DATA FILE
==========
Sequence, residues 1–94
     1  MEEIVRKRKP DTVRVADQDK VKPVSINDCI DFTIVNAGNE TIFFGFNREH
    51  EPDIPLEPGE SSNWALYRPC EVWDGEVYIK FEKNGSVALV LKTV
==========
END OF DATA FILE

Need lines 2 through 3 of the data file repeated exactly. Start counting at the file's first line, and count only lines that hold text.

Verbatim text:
     1  MEEIVRKRKP DTVRVADQDK VKPVSINDCI DFTIVNAGNE TIFFGFNREH
    51  EPDIPLEPGE SSNWALYRPC EVWDGEVYIK FEKNGSVALV LKTV